Ever changing process there are no ablsolutes
What can you know for sure about nursing?
That nothing is ever for sure
What are the major goals of healthy people 2010?
increased span of healthy life, reduce health disparities, achieve access to preventive service
define collaboration
working together
What are the characteristics of a a therapeutic relationship?
2 way, rapport, respect, genunineness, trust, honesty
What are the four phases of a relationship?
preinteraction, orientation, working, termination
What happens in the preinteraction phase of a working relationship?
review available data, and pts hx, talk to other caregives, anticipate health concerns, identify time and location,
when id the preinteraction phase of a working relationship?
before meeting the client
What happens in the oreientation phase of a working relationhip?
meet client, set tone, ct. tests you, assess cts health status, clarify roles, form contracts, let client know when to expect relationship to be terminated
What happens in the working phase of a working relationhsip?
work together to solve problems and achieve goals,
What happens in the termination phase of a working relationship?
remind client termination is near, evaluate goal achievement, reminisce, seperate from client and smooth transition to other caregivers
What are some principles of therapeutic relationships?
empower client, empathy, open and hones, value individual, watch boundaries, etc
What is GAS?
General Adaptation Syndrome
How many stages of GAS are there?
What is the first stage of GAS?
Alarm reaction
What happens in the alarm reaction stage of GAS?
up blood volume, blood glucose leves, spinephrine and norepine. heart rate, blood flow, mental alrertness
What does the first stage of GAS prepare an individual for?
for fight or flight
What is the 2nd stage of GAS?
resistance stage
What happens in the 2nd stage of GAS?
Body stabilizes and responds in an opposite manner to the alarm reaction all things return to normal levels and body repairs damage
What is the third stage of GAS?
exhaustion stage
What happens during the exhaustion stage?
body can no longer resist effects of stressor and engery is depleted. body unable to defend itsef
In which stage of GAS can death result?
Which stage does fight or flight happen?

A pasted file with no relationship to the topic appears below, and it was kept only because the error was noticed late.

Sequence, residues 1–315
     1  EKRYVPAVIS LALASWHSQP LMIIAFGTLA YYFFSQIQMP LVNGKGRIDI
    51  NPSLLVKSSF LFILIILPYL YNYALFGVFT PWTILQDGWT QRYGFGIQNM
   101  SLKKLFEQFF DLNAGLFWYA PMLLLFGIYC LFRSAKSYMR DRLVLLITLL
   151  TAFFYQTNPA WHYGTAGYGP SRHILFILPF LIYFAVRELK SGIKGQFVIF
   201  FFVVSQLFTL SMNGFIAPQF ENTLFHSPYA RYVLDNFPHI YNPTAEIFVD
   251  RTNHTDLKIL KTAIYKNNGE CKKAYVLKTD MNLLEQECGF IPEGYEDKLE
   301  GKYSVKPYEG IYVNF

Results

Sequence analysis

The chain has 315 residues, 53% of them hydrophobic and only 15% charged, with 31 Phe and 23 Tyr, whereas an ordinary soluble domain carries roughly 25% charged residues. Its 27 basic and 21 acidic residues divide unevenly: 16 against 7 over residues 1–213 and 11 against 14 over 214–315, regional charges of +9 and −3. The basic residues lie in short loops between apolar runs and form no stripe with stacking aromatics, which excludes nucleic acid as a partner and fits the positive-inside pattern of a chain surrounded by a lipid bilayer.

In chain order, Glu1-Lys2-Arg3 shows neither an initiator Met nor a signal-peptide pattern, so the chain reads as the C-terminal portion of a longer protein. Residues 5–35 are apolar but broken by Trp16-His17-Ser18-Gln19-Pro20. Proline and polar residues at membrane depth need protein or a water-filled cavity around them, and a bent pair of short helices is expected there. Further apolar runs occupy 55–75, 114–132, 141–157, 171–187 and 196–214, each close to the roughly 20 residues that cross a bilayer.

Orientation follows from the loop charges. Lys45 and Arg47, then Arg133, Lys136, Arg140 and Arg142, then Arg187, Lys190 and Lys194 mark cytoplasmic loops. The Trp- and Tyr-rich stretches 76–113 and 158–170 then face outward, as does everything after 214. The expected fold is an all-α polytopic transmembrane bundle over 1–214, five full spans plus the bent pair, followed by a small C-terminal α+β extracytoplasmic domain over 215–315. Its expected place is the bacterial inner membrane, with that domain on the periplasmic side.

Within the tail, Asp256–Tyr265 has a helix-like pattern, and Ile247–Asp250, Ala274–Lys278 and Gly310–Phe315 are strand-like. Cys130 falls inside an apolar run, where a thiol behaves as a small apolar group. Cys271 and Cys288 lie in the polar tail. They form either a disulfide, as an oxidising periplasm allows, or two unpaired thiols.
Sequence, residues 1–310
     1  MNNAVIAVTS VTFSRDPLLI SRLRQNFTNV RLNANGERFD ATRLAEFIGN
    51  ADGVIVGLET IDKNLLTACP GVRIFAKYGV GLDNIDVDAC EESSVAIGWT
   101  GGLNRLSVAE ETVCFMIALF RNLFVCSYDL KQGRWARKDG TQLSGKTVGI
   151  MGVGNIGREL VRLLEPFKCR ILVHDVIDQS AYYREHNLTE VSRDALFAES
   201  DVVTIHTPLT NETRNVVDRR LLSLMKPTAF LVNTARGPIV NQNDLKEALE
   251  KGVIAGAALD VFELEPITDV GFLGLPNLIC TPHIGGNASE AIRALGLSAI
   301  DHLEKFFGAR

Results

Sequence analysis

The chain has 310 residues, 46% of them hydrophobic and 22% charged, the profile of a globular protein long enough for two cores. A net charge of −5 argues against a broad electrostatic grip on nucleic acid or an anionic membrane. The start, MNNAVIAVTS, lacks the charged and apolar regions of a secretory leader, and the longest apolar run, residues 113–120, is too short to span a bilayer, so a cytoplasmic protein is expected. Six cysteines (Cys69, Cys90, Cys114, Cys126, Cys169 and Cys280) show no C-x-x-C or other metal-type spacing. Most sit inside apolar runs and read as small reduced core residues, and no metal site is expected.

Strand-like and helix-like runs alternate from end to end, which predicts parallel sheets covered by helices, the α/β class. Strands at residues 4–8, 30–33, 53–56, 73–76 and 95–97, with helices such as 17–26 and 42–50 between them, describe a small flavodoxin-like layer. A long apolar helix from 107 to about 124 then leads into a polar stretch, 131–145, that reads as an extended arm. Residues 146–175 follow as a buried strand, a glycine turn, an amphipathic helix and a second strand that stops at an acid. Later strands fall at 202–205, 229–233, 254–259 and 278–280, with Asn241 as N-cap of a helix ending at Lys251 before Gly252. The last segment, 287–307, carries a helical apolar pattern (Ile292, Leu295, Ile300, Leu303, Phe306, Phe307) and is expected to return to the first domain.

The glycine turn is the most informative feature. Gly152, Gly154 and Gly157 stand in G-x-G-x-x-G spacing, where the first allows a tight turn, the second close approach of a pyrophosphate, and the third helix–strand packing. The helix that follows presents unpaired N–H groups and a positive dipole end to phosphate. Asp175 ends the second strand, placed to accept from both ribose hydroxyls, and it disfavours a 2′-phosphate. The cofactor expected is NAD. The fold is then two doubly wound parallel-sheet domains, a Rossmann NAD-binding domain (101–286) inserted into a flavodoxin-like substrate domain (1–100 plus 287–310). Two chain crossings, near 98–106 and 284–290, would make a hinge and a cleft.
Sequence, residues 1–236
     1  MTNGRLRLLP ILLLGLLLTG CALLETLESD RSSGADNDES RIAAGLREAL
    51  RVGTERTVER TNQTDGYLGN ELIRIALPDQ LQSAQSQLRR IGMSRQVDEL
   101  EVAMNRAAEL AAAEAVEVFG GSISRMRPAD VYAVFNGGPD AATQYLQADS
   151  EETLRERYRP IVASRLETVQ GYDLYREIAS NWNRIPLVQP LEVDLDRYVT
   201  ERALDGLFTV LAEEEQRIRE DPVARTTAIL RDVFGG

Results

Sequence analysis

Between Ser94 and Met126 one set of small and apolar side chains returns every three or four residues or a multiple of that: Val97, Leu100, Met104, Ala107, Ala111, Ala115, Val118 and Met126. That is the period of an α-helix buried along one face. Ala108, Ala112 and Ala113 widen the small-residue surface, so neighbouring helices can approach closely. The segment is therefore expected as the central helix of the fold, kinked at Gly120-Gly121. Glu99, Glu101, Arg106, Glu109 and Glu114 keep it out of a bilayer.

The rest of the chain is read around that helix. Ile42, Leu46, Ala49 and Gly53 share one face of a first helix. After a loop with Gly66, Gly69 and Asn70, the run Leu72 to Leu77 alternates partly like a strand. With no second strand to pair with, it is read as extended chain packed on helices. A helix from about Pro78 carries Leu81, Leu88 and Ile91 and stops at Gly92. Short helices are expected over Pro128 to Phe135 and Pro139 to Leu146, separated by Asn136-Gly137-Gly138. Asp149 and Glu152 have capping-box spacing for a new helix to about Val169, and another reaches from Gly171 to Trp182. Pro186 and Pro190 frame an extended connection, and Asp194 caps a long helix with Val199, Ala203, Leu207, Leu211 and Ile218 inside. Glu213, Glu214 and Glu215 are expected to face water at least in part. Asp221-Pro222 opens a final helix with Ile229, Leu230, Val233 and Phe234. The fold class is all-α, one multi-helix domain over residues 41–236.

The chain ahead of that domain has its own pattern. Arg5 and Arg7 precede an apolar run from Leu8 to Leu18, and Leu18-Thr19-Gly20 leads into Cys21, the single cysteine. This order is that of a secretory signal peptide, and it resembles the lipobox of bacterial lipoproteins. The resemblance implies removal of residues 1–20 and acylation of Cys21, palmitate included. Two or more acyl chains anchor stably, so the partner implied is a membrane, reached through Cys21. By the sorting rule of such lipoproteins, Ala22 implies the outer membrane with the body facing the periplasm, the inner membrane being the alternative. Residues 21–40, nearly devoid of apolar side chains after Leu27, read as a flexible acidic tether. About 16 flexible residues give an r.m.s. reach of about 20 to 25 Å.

alarm reaction
When would a person settle down and be able to plan an escape?
resistance stage
What is anxiety?
a state of uneasiness and apprehension as about future uncertainness
What is fear?
a feeling of agitation and anxiety caused by the presence or imminence of danger
What kind of events are espicially stressful for children?
shots death illness -- anything that happens to their parents
Whare are the NANDA for stress and anxiety?
ineffective coping invlude verbaliation of an inability to cope and ask for help
What are some physical indicatiors of stress on the cardiovascular system?
tightness of chest, increased HR, elevated BP
Whare are some physical indicatiors of stress on the respiratory system?
breathing difficulties, tachypnea
Whare are some physical indicators of stress on the neuroendocrine system?
headaches, migraines, fatigues, exhaustion, insomnia, sleep disturbances, uncoordnated, restlessness, tremors, sweating, dry mouth
What are some physical indicatiors of stress on the GI/ GU system?
cold hands and feet, urinary frequency, nausea, diarrhea, vomitting, wt. gain or loss, chg in appettie, GI bleeding
What are some physical indicators of stress on the Musculoskeletal system?
backaches, muscle aches, clenched jaw, slumped posture
Whare are some physical indicatior of stress on the reproductive system?
amenorrhea, failure to ovulate, loss of libido
Whare some immunological symptoms of stress?
frequent or prolonged colds/flu
Whare are some psychological symptoms of stress on cognitive function?
forgetfullness, denial, poor concentration, slower thinking, memory problems, distressing dreams, confusion, apathy, etc
What are some psychological symptoms of stress on emotional function?
disruption of logical thinking, blaming others, lack of motivation, crying, lack of interest, isolation, negative thinking, etc
What are some psychological symptoms of stress on your behavior and lifestyle
worrying, decreased invovlement, withdrawal, suspiciousness, chg in communication, up or down food intake and alcohol intake no exercise
What factors influence the response to stressors?
intensity, scope, duration, # and nature of stressors, personal control, cognitive appraisal, support
What are some methods to reduce stress?
regular exercise, support systems, time management, guided imagery and visualization, progressive muscle relaxation, journaling
What are nurses at high risk for?
substance abuse and burn out
Why are nurses at a high risk for drug abuse?
availability of drugs, and really stressed
Why are nurses at high risk for burn out?
too many pts, too much to do, not distancing self from job, no hobbies, internalizing issues
What is proactive?
acting in advance to deal with an expected difficulty, anticipatory behavior
What is reactive?
ten to be responsive to the situation or stimulus
What is positive affirmation?
telling yourself you are worth it and you are a good nurse, using good self talk
What is reality shock?
when a person really realizes what is going on and they go into mental shock
What is done to help deal with reality shock?
stress reducers
What can happen when a person goes into reality shock?
leads to cognitive regression and refusing to deal with the reality
What is test anxiety?
stress that appears in the prep time prior to a test
What helps test anxiety?
deep breathing, visualization, better preperation
What is stress?